Where is the outrage over breastaurant?

*Where is the outrage over breastaurant? *Trump lacks decorum to be the president *Our ideological d

Where is the outrage over breastaurant?

As president of the Schenectady Chapter of AAUW (American Association of University Women), I can only stare in dismay at the photo of the scantily clad young woman in your “Breastaurant” June 17 article.

Why put such a provocative and inappropriate photo in (what is supposedly) a family newspaper? Why give this questionable establishment such free publicity?

Ask yourself: Would you take your mother there for dinner? Would you want your daughter or young sister to work there? And the town of Niskayuna supervisor doesn’t have the guts to support those constituents who legitimately object? This is the same supervisor who objected to a presentation of end-of-life issues at the Niskayuna Senior Center because it was controversial.

Let me tell you, end-of-life issues are not controversial; they are inevitable. The objectification of women and their breasts is what is controversial. Let’s get our priorities straight here.

Eleanor Aronstein


Trump lacks decorum to be the president

As I watch in disbelief Donald Trump’s ascension to the “throne,” I wonder what has happened to our pride in our country and its leaders.

I understand the lack of confidence in some politicians and annoyance at political correctness. However, I want a president with some dignity and decorum who I can respect and who respects us.

Interestingly, as the Republican establishment starts to rally around Mr. Trump as he wants, it’s the epitome of political correctness.

Do we care about the example set for our children and grandchildren? We might as well discontinue programs on diversity, anti-bullying and “words of the month” such as kindness, compassion, etc. These are not assets of this candidate, as he has exemplified from the national stage.

Perhaps his vice presidential choice will be Kanye West or one of the Kardashians. His cabinet could be made up of reality TV show folks.

And if he loses, we will see a temper tantrum unlike any other, with fingers pointing in all directions.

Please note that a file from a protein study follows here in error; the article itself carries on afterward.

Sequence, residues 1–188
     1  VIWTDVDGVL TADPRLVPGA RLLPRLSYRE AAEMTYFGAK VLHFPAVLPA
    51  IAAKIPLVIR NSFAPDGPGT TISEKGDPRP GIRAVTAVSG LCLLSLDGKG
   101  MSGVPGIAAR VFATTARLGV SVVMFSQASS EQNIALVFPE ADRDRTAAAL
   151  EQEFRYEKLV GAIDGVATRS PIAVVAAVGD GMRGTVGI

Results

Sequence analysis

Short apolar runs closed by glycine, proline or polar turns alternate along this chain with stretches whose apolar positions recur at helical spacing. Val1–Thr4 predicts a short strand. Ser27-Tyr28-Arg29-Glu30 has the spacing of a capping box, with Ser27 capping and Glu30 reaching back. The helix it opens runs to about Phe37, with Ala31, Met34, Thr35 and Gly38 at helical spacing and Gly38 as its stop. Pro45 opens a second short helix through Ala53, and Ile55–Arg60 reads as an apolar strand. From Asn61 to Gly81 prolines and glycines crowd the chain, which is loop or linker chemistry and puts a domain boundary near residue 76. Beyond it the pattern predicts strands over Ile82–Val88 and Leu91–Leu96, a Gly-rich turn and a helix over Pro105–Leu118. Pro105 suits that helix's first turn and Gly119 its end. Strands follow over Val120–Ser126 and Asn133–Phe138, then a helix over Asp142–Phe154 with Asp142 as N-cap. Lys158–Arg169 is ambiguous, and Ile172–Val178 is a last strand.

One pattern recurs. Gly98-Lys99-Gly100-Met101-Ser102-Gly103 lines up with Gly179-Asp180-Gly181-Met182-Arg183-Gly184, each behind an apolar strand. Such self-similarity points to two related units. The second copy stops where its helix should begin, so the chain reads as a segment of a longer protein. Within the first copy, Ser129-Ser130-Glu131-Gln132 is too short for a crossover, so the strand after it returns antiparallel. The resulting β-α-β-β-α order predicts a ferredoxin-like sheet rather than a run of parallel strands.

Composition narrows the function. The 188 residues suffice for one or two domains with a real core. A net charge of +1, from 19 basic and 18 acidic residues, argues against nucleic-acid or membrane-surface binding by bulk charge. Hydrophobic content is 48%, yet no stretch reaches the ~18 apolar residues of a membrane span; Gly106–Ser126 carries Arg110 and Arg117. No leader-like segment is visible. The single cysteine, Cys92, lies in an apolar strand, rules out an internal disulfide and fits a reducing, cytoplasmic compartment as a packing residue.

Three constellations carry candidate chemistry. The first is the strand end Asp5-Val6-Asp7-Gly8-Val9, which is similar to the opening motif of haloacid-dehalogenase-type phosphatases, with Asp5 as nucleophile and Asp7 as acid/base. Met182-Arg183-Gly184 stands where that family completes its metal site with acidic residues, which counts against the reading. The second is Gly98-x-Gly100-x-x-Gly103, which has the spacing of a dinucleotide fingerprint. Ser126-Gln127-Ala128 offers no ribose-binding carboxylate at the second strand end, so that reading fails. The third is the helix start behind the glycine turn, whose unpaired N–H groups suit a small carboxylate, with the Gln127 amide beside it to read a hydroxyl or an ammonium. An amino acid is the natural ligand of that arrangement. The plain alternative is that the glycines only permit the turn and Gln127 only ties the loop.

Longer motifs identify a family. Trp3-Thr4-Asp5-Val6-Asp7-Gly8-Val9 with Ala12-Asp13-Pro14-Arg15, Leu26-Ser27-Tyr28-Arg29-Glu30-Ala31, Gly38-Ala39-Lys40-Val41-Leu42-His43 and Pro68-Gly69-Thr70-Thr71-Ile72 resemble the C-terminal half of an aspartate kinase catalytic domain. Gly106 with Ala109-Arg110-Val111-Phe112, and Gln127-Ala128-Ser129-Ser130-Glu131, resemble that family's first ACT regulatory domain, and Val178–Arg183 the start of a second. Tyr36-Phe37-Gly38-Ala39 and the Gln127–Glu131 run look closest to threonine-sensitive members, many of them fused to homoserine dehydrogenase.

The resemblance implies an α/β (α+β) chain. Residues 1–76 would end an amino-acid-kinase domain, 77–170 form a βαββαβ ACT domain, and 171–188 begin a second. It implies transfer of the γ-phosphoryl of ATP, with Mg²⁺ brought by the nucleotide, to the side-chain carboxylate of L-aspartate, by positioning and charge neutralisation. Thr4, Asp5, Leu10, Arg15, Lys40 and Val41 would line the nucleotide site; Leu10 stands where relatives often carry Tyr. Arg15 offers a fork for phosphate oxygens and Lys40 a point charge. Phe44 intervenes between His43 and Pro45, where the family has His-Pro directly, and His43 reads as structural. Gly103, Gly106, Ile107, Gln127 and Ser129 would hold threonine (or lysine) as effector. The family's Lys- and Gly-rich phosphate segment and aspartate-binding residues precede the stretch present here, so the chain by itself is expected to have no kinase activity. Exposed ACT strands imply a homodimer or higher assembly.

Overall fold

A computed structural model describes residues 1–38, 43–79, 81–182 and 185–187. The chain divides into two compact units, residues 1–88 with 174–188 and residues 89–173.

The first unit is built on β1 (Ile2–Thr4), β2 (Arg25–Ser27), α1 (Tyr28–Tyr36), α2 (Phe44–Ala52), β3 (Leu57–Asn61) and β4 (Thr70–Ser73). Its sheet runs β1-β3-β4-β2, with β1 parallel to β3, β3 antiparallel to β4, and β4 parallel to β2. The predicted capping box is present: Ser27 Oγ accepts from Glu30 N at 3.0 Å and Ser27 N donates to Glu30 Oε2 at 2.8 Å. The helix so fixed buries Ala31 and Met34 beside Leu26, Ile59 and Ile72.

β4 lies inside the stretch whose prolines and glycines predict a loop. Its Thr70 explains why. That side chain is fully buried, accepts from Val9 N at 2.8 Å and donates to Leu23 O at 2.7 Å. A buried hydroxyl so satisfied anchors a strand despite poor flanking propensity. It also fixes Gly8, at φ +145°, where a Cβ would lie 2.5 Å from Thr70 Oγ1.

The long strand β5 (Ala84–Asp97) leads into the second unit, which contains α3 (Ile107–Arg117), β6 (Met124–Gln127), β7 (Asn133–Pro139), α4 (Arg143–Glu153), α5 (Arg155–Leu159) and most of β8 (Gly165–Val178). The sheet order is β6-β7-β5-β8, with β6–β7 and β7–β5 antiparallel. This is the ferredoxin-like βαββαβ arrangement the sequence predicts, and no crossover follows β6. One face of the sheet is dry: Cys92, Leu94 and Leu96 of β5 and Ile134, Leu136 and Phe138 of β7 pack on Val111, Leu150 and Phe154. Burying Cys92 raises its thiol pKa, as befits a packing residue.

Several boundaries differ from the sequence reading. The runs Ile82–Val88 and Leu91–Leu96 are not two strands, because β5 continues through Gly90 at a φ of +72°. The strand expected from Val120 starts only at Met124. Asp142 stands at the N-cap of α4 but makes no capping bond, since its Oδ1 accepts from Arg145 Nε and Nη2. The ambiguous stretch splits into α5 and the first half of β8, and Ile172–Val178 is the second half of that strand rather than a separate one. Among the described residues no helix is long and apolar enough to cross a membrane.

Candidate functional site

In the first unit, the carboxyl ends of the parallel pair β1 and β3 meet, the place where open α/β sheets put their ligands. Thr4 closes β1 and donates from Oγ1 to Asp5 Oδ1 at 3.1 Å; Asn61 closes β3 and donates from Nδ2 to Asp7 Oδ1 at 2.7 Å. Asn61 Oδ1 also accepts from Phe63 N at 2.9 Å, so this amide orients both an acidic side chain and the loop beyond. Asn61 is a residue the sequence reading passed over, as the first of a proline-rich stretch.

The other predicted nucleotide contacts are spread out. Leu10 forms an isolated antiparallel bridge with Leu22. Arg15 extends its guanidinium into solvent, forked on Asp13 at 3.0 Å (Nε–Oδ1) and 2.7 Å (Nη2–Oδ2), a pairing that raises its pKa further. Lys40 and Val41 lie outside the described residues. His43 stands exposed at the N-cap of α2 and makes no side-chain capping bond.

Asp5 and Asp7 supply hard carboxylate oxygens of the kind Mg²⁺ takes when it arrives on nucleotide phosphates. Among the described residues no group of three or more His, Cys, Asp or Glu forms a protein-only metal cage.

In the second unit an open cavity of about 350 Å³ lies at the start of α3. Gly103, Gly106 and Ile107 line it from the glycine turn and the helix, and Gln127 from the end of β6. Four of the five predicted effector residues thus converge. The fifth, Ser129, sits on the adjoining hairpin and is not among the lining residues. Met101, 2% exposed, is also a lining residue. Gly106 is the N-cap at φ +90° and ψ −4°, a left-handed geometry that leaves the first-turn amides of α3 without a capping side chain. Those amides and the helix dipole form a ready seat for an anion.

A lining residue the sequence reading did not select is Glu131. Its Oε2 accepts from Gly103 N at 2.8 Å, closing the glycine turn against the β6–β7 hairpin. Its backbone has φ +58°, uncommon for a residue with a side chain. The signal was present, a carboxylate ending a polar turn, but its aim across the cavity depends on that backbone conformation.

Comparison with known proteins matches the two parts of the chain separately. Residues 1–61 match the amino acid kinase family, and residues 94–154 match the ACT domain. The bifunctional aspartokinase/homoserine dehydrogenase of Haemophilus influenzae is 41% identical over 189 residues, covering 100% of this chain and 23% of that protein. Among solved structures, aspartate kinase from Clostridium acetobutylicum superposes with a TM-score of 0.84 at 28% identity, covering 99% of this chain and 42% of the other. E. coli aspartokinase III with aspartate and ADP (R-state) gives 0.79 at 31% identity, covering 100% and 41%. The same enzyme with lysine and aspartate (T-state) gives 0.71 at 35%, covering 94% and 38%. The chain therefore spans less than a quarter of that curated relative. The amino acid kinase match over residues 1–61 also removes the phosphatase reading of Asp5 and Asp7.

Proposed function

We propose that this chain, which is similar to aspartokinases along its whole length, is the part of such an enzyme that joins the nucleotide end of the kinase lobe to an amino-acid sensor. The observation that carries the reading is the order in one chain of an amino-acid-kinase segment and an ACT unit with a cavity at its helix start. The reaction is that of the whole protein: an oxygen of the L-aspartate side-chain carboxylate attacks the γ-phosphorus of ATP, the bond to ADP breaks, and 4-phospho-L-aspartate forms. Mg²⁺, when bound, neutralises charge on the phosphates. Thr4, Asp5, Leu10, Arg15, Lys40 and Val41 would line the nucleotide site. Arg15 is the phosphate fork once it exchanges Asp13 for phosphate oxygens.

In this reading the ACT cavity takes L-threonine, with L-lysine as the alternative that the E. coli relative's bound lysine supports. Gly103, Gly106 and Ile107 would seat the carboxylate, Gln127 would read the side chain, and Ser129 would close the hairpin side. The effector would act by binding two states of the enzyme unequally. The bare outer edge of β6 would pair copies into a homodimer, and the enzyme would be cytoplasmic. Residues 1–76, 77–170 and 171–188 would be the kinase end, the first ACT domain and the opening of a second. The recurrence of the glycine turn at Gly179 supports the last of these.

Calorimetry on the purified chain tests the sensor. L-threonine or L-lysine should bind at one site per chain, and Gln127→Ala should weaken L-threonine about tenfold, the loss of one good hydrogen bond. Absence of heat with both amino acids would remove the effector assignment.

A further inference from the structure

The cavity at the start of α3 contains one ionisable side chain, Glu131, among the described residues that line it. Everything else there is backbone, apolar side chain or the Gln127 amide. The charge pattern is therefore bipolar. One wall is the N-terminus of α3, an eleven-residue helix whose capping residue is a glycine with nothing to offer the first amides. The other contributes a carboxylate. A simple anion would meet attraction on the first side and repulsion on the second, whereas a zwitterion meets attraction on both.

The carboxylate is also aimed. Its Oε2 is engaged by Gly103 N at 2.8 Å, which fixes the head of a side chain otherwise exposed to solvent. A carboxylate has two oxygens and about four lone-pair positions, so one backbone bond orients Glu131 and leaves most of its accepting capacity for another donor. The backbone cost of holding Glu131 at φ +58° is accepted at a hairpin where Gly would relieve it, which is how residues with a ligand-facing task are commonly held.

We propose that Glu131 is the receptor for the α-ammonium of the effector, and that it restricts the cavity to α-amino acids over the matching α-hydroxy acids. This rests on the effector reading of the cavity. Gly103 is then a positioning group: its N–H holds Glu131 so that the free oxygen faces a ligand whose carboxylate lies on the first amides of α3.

Ethel Robinson


Our ideological divide impedes our progress

Through the deafening background noise of the 2016 presidential campaign, there is an emotional undercurrent that must be heard loud and clear above all the distraction.

What most people feel, but may not be able to articulate amidst all the sound and fury, are the emotionally charged issues of morality that represent a more powerful and deeper political force behind the din of political clap trap.

While ideas form the basis for people’s perceptions of reality and the mass psychology of the various political movements i.e. democracy, socialism, communism, fascism etc., one rarely asks the question: where do ideas come from? The answer is from the biologically deeper realm of emotion.

While the politicians, pundits and the media feverishly and relentlessly rehash the ideological differences between Donald Trump and Hillary Clinton and whether or not they know it, the deeper battle lines are already drawn according to whether they believe in the old absolute morality of the past authoritarian era i.e. “the greatest generation” or in the new politically correct relative morality of the current anti-authoritarian era.

These two moralities represent two entirely different ways of viewing and dealing with the world. They generate the ideological divide that unconsciously pits the political left and right against each other and casts America into two irreconcilable and opposing groups.